n December 2015, the United States Department of Agriculture’s Animal and Plant Health Inspection Service (APHIS) proposed to update its brucellosis and bovine tuberculosis (TB) program regulations. The changes outlined in the proposed rule were developed over several years to address the many changes the industries have undergone since the existing programs were developed years ago. Under the proposed rule, states would no longer be categorized by the disease prevalence in their state, and APHIS would no longer rely solely on whole-herd depopulation. Other proposed changes include, states and tribes would be categorized by whether they have an animal health plan, whether APHIS has approved this plan, and whether they are following the activities outlined in their plan. MSGA collaborated with both the Department of Livestock and NCBA to draft comments on the proposed rule. MSGA is supportive of reviewing the current rules, but opposes USDA-APHIS finalizing the proposed rule until the identified problems, concerns, and program shortfalls can be adequately addressed. Our comments recommended the following items: prioritizing the long-term eradication goal for these two diseases, regulation changes are necessary for both the TB and brucellosis programs, but combining these revisions under one rule is unnecessarily complex and the need to increase the direct involvement of the state animal health officials to lead epidemiological investigations in our state. The comment period for the proposed rule closed on May 16th. MSGA comments will be posted on the website to review.

MSGA testifies at Legislative meeting

O Auctioneer, broadcaster, county commissioner, football referee, livestock fieldman, Marine and Senator, Conrad Burns was a man of many talents and a great advocate for Montana Agriculture.



n May 4-5 the Environmental Quality Council (EQC) met in Helena for their regularly scheduled meeting. The EQC has agency oversite responsibility for DNRC, DEQ and FWP. The EQC discussed a variety of wildlife topics, including sage grouse management, wolf population report, grizzly bear delisting and bison management. It was the final two topics that MSGA testified to Council and provided comments. On the grizzly bear delisting, MSGA testified in support of delisting and recommend the EQC submit formal comments also in support. The EQC voted 11 to 5 to support the removal of the Greater Yellowstone Ecosystem population of grizzly bears from the federal list of endangered and threatened wildlife as well as the delisting of the grizzly bear for the entire state of Montana. MSGA also testified on the Yellowstone National Park Quarantine Bison EA to the Council. MSGA highlighted the inadequate testing protocol that was included in the EA and that brucellosis positive bison could be shipped across the state. MSGA also shared our entire comments on the EA with the EQC.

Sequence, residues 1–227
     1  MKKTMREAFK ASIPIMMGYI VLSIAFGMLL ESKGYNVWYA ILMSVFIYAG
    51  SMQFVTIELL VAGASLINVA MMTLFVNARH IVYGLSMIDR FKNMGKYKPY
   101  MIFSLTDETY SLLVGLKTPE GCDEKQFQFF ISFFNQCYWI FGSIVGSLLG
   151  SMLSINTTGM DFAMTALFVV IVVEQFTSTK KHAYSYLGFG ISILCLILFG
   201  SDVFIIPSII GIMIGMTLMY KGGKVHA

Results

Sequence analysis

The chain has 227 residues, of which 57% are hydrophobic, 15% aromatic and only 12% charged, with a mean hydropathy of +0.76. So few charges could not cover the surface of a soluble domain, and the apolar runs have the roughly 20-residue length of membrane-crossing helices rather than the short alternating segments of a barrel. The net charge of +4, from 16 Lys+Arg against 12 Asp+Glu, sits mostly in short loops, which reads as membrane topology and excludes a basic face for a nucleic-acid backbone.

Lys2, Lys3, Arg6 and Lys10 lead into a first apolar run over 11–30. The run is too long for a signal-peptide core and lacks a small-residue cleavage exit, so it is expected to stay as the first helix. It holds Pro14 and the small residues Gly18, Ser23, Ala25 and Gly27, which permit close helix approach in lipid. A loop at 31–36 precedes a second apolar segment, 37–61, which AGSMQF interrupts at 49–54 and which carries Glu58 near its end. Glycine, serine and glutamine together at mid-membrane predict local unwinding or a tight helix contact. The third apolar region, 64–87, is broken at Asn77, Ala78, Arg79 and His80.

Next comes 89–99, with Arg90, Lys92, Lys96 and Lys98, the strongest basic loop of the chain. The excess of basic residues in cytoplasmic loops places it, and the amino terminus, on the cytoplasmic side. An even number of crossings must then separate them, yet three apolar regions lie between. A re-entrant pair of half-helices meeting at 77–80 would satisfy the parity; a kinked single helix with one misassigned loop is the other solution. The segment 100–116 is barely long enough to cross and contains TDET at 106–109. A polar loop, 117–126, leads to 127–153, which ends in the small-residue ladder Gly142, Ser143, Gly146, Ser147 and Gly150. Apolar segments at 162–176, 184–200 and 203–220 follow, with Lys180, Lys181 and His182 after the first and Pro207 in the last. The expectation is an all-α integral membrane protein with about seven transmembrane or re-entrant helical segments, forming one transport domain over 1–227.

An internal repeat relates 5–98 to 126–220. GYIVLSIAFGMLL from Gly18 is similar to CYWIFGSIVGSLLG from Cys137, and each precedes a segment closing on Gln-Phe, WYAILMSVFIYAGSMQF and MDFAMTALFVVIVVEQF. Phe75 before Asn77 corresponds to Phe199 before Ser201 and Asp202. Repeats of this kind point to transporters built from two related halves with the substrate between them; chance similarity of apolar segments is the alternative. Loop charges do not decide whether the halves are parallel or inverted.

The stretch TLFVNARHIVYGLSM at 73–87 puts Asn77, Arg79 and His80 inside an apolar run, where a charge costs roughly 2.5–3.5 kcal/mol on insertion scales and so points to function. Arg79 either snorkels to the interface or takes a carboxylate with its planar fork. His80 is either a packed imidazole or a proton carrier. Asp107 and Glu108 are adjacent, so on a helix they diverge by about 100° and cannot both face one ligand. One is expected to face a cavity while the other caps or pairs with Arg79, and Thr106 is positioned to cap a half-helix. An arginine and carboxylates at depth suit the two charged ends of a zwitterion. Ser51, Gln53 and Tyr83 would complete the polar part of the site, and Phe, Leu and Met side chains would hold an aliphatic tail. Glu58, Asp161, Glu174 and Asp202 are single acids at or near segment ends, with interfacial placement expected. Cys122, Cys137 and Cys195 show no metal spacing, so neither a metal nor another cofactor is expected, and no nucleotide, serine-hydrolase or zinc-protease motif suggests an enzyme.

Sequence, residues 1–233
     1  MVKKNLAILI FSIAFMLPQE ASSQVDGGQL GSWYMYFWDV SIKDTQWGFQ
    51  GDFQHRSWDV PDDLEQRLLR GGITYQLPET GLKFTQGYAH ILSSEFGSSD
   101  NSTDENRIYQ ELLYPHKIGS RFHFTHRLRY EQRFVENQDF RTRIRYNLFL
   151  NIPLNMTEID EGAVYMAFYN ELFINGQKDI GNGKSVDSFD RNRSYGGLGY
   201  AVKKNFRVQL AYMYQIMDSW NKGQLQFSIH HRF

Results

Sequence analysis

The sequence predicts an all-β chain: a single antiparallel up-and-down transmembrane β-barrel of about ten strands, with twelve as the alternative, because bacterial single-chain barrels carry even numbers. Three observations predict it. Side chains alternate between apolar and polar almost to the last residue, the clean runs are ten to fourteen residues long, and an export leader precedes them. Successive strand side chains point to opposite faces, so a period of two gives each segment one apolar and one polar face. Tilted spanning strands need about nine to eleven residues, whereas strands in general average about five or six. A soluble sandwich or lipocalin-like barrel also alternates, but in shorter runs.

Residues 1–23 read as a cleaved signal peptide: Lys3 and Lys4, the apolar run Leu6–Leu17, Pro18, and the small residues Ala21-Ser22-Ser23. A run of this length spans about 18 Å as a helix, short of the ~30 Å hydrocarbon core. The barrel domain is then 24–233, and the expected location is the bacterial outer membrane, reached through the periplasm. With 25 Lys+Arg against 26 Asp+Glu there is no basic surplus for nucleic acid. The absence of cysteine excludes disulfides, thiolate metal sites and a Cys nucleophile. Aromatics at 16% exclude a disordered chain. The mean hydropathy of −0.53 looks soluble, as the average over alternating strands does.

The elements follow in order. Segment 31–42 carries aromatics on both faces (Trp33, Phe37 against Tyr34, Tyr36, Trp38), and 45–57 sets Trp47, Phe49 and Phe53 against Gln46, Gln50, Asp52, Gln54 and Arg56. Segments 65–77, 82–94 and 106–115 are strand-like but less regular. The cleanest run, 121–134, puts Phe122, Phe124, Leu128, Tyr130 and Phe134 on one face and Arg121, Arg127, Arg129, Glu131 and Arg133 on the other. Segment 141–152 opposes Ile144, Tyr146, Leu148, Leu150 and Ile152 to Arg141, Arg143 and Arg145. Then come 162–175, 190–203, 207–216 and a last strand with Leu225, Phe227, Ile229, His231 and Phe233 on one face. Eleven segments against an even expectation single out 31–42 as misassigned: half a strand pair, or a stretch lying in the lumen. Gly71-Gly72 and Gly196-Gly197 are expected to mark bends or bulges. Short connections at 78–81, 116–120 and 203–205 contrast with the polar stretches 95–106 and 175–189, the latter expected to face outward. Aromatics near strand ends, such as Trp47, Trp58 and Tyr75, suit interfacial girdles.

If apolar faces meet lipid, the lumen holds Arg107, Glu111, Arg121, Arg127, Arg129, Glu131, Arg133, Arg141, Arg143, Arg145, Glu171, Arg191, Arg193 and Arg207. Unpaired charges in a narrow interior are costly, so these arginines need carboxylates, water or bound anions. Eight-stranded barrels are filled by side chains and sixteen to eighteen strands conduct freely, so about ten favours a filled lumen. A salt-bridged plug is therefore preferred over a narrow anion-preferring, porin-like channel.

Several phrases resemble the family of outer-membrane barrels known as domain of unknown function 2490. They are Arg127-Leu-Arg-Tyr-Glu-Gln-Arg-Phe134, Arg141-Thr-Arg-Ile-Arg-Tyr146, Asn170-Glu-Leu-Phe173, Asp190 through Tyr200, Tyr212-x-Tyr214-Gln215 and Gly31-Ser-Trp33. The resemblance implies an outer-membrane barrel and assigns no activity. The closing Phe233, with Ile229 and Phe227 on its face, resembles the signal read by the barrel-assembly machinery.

MASGD Meeting Dates to Remember


he Montana Association of State Grazing Districts will hold their annual meeting on June 15th at Lucky Bullet in Malta, MT. The meeting will start with a joint board of director meeting with the MASGD and the PLC, followed by a grazing district secretary appreciation lunch. The general business meeting will run from 1:00 – 5:00 pm in the afternoon. The agenda will include a variety of topics from FWP Commission updates to BLM updates. The meeting will also include the election of a new Vice President for the Association. For further information, contact Jay at the MSGA office.

June 1 - Environmental Stewardship Application Due 1 - Cattle Directory Listings Due 9-11 - Mid Year Meeting; Great Falls 15 - MASGD Annual Meeting; Malta 15 - Cattle Directory Advertising Deadline 18 - Sip ‘n Sizzle; Billings 20-22 - Montana Range Days July 11-12 ESAP Ranch Tour 13-16 NCBA Cattle Industry Summer Business Meeting

MSU Collegiate Stockgrowers wrap up semester Darcy Anderson, MSU CSG Historian


s we ended the spring semester, students were happy to go home and head out to their summer jobs and internships. Before we ended the semester we cleaned up our section of highway on the Norris Highway. We had a good turnout of members to help. We also did a fun night of bowling and pizza for members before getting into the craziness of finals week. May 10th -12th a few members, Amanda Williams, Taylre Sitz, Darcy Anderson, and

Ashton Hubbard, helped with Gallatin Valley Farm Fair. All of the 4th graders in Gallatin Valley come to the Farm Fair and rotate around to different stations that teaches them about a different aspect of agriculture. It’s a great learning tool for students, teachers, and parents. A great way to teach children about agricultural and how it affects them in their everyday lives. Our four members taught the beef cattle rotation. We have several students that will be headed to the mid-year meeting to represent the MSU Collegiate Stock-

Looking forward Fred Wacker MSGA 2nd Vice President


ello to all. The moisture across Montana finally got started, and is very welcome. As I write this the weather report is looking good. The Live Cattle Market has had a long stretch of low prices on the Future Board. Some of the problems the market faces are that imports are up, exports are down, carcass weights are up and the U.S. Dollar is strong against other currencies. This could mean feeder cattle prices could move some lower going forward. I guess we will know when video sales with calves and yearlings start in June. Montana Stockgrowers is proud to be Montana’s largest agricultural group made up of ranch members. The more ranching and agriculture members that Montana Stockgrowers Association has, gives us more